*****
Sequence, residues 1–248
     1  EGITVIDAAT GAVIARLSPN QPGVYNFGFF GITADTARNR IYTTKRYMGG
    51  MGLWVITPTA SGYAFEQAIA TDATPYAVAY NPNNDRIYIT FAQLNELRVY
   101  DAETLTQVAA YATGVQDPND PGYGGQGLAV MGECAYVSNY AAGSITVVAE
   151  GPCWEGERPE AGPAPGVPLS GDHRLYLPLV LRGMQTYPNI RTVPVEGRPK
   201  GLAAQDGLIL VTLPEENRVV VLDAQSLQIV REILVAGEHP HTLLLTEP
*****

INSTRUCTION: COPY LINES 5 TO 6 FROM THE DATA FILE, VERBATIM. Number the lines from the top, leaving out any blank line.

   151  GPCWEGERPE AGPAPGVPLS GDHRLYLPLV LRGMQTYPNI RTVPVEGRPK
   201  GLAAQDGLIL VTLPEENRVV VLDAQSLQIV REILVAGEHP HTLLLTEP